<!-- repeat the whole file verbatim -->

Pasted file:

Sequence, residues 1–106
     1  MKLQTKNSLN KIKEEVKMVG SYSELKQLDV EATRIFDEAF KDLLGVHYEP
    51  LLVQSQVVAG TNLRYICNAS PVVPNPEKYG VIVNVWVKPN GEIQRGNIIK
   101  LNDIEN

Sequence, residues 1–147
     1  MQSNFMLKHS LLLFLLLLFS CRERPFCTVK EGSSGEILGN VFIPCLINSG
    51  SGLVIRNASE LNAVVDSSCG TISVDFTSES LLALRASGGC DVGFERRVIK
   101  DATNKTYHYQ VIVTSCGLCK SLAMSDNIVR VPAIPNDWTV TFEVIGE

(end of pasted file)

Sequence, residues 1–106
     1  MKLQTKNSLN KIKEEVKMVG SYSELKQLDV EATRIFDEAF KDLLGVHYEP
    51  LLVQSQVVAG TNLRYICNAS PVVPNPEKYG VIVNVWVKPN GEIQRGNIIK
   101  LNDIEN

Sequence, residues 1–147
     1  MQSNFMLKHS LLLFLLLLFS CRERPFCTVK EGSSGEILGN VFIPCLINSG
    51  SGLVIRNASE LNAVVDSSCG TISVDFTSES LLALRASGGC DVGFERRVIK
   101  DATNKTYHYQ VIVTSCGLCK SLAMSDNIVR VPAIPNDWTV TFEVIGE